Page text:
Richmond Barracks: A Different Kind of (Hi)Story

To be honest, I was there to get some coffee. But then I sat down in this beautiful building just around the corner of the Red LUAS line at Blackhorse, Dublin and looked around me. This is an old building, but I couldn’t figure out what story it wanted to tell me.

Niall, my personal guide for the time spent there introduced himself before I walked down the hall to grab my cappuccino (it was alright, I really want to try lunch at The Mess Café). He took my big backpack (I just came back from a trip to the West coast) and put it into the locker room and was looking forward to showing me around. I was intrigued! Already, after only 5 minutes in a building I wanted to know more:

What is the (hi)story!?

After finishing my coffee and chatting away with the only customer but me, a family and military researcher, Thomas, who also reminded me of why I loved the Irish so much. Thomas was given a photograph of a British soldier which’s features could not have been closer to Thomas’. Since then, Thomas is doing major family research in genealogy to find out more about his family.

I was pleased to hear one family’s story before I headed into the history of the building which remained to be here. Fortunately, I must say. Because every building but three has been knocked down on the 17,000 acre field. So much history just went with that. But I suppose it was necessary.

 

Richmond Barracks
Approaching the barracks © Lucie Taeubler

The Richmond Barracks, now part of the Dublin City Council, are a former military base for the British Army stationed in Ireland from 1814. After the Easter Rising in 1916, and after the Free Irish State was founded the Irish Army used the buildings until 1922. The most interesting fact about the barracks is that more than 3,000 suspects of the so-called Easter Rising were behind bars there. Including every leader except James Connolly. It was mind-blowing to read and to hear all about it. Exceptional work has been done in the research concerning women in the revolutionary years.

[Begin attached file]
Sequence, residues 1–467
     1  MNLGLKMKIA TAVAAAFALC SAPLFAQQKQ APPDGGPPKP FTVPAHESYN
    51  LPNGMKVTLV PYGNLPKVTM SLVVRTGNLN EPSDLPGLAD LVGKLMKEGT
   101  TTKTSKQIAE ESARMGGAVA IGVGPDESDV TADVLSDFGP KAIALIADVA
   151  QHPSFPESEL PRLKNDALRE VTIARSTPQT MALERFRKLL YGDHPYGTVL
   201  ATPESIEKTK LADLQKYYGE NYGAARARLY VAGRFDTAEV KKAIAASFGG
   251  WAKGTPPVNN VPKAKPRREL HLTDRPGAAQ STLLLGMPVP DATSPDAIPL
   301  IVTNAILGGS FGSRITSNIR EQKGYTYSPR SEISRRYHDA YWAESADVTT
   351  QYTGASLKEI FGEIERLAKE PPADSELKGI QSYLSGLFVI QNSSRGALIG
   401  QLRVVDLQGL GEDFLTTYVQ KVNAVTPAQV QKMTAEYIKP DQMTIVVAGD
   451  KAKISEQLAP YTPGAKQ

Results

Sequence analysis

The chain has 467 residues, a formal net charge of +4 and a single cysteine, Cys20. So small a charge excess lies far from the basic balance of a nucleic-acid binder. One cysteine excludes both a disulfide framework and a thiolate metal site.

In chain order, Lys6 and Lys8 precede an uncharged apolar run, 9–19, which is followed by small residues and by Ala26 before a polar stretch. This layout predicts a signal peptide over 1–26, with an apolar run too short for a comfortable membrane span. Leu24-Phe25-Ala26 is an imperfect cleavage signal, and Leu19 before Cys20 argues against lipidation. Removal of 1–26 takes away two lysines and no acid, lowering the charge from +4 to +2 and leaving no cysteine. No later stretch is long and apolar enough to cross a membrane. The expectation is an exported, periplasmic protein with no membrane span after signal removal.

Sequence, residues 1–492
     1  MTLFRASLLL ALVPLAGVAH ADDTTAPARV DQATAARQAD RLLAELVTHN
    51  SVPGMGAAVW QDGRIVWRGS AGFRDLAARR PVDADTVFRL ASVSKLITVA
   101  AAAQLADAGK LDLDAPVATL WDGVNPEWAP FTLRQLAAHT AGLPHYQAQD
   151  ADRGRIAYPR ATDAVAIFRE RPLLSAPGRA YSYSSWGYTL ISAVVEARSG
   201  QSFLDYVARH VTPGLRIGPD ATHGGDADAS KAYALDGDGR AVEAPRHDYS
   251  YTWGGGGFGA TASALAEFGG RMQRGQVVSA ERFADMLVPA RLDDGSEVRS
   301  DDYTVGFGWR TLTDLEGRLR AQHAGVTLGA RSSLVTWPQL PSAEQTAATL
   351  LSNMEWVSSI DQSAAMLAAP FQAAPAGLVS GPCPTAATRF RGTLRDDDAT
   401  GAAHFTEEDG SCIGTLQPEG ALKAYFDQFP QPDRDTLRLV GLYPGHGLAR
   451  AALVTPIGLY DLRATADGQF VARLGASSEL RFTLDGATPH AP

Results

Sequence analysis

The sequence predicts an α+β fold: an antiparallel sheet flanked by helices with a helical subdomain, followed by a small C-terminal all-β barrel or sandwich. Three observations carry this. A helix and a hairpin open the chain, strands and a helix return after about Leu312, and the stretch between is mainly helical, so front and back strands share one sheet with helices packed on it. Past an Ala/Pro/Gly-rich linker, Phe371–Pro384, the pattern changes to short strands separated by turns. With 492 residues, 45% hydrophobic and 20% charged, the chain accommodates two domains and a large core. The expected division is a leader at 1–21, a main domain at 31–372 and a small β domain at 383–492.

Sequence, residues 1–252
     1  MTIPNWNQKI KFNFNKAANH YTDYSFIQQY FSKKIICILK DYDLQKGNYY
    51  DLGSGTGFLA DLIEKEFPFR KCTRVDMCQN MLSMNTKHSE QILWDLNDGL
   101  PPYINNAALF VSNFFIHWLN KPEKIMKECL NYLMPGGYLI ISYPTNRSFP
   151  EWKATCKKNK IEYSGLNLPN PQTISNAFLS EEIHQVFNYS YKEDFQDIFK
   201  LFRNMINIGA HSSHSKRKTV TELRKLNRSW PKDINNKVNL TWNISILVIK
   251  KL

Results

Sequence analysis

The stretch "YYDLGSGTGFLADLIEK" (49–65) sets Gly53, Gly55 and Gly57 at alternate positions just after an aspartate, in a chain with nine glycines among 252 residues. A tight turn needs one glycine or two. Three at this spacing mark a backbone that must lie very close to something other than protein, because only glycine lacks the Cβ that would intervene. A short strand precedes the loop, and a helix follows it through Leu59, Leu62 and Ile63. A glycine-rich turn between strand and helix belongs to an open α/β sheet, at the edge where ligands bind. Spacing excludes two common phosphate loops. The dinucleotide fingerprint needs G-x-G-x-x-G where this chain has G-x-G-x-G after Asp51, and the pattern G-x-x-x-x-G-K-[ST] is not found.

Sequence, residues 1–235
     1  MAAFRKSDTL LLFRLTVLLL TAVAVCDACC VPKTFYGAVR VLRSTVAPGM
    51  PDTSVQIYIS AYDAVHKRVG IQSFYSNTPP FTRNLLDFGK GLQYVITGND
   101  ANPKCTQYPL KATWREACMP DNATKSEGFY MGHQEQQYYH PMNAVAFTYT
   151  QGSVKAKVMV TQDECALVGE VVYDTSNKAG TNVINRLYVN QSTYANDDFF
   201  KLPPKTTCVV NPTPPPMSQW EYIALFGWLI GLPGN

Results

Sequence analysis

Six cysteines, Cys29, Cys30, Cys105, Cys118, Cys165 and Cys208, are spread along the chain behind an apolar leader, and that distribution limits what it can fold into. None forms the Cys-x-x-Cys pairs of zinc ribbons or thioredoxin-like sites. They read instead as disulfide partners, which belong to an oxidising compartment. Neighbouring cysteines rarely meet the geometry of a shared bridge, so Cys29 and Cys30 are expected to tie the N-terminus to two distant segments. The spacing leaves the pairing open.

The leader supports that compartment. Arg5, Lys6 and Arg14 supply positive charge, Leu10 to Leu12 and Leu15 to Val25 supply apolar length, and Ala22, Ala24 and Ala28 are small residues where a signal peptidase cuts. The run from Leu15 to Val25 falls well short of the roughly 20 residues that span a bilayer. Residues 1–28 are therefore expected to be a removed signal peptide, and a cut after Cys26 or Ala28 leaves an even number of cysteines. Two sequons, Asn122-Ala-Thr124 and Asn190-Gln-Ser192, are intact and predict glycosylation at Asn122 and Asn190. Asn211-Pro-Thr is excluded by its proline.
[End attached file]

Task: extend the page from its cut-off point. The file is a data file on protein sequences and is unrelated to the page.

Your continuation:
77 women’s stories

In the recent exhibition called The Digital Quilt 77 women of the revolution are represented with their attributes on a three piece quilt. 77 contemporary female artists worked on the women’s stories and put it together to an extraordinary wall piece. The histories of the women all crossed the arches of Richmond Barracks since they were arrested and held at the barracks in 1916. I could not resist and bought the book about the 77 women to get to know history from another perspective. Or better: from more perspectives than just one.

Richmond Barracks

Richmond Barracks

Visit the graveyard next to the canal. Don’t hesitate to ask your guide for advice or more stories. Niall was very happy to tell me more about the barracks, the women’s stories and  the museum itself.

Richmond Barracks

Old Bulfin Road, Inchicore, Dublin

Monday-Friday, 10am – 4pm

Saturday only with pre-bookings

Sunday closed

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Five years ago: A History of Decisions

Five years ago, I addressed the wish to myself to live abroad for a while. I knew it would be Ireland, somehow.

Landing in Ireland
Landing in Ireland © Lucie
A few days back, I was asked if Ireland was a particular choice. Yes. I am interested in its richness. The growing awareness of how food should be processed is equally important in Austria. But, I appreciate the Irish way of patience, lust of life and immorality to deal with topics like sustainability and green living.